What “Repeal and Replace” Could Mean for Small Employers – Part 5

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What “Repeal and Replace” Could Mean for Small Employers – Part 5

Can Association Health Plans Level the Playing Field for Small Employers?

With some GOP leaders in the Senate still debating alternatives to the Affordable Care Act, it remains a mystery what shape our nation’s health care law will take in the future. This article discusses Employer Associations, and is Part 5 of PacFed’s series on the group health insurance options available to small business employers.

Employer Associations, also known as trade associations and employer organizations, have been pooling their resources and collective purchasing power to provide a variety of benefits to their employees for decades.

An Employer Association is composed of businesses usually engaged in a particular industry or trade within a geographic region. An Employer Association may establish an employee welfare benefit plan, or an Association Health Plan (AHP), for the purpose of providing group health coverage for their employees.  By combining all employees into one plan, the Association can spread risk over bigger pools of workers and can underwrite risk based on the group’s experience.

AHPs are generally regulated under the federal law known as ERISA as multiple employer welfare arrangements (MEWAs). Although MEWAs could always purchase fully-insured health coverage from state regulated insurance carriers, historically, MEWAs acted as unregulated insurers.  As a result, a number of MEWAs were unable to pay claims due to insufficient funding and inadequate reserves.  However, under current law, a MEWA is required to comply with both ERISA and any related state insurance law.  This dual regulation ensures that the health plan will meet state insurance reserve, contribution and other requirements applicable to insurance companies.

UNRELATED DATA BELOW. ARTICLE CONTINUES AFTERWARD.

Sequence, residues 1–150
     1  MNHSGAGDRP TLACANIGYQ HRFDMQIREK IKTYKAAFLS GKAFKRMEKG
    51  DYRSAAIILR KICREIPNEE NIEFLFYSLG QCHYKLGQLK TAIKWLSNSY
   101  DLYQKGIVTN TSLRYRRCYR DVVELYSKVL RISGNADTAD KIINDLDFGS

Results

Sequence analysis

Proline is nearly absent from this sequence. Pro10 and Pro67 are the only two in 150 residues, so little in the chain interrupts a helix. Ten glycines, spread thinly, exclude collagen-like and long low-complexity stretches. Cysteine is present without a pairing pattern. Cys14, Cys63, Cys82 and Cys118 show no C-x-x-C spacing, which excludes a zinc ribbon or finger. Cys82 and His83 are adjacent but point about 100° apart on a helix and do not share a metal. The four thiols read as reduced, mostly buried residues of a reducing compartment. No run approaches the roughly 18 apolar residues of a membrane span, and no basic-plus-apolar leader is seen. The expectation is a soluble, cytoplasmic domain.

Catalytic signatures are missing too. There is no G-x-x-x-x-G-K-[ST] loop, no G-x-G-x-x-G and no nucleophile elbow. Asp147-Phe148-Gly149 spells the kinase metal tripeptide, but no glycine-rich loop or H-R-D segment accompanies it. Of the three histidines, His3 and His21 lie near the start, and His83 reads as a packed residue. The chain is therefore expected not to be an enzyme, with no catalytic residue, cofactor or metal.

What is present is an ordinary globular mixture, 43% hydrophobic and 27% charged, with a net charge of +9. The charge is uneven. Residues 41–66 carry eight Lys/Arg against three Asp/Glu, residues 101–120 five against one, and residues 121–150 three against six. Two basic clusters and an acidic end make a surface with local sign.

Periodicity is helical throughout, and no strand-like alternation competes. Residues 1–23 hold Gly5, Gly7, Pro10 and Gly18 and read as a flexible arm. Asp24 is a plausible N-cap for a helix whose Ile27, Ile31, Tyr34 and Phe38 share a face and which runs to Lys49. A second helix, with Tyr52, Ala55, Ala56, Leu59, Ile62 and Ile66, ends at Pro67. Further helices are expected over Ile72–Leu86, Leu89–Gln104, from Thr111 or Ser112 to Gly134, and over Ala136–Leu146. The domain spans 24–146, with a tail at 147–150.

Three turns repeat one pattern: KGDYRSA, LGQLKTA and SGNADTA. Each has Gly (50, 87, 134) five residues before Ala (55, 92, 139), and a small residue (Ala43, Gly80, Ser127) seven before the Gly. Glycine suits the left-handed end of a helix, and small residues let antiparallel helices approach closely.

On October 13, President Trump signed an Executive Order directing various federal agencies to consider how to achieve three administration health reform objectives, including expanding access to AHPs.  One suggestion was to allow employers in the same line of business to cross state lines to form an AHP. Another was to allow a broader range of small employers to form fully-insured group plans or to self-insure. The Executive Order aims to level the playing field for small employers by allowing them to band together in AHPs and be treated as large groups. That way, they can enjoy the same benefits flexibility and lower costs as their large company counterparts.

With the support of the current administration, Employer Associations are expected to experience a revival in popularity in coming months. For small businesses, understanding AHPs can be difficult. Employers should consult an experienced and knowledgeable third-party administrator regarding Employer Associations and the specific benefits and services available to them.

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